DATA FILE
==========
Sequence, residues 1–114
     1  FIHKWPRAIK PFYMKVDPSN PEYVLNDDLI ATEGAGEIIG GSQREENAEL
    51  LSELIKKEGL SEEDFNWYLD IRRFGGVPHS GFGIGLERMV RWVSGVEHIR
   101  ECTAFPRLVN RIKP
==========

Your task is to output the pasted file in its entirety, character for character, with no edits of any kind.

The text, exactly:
Sequence, residues 1–114
     1  FIHKWPRAIK PFYMKVDPSN PEYVLNDDLI ATEGAGEIIG GSQREENAEL
    51  LSELIKKEGL SEEDFNWYLD IRRFGGVPHS GFGIGLERMV RWVSGVEHIR
   101  ECTAFPRLVN RIKP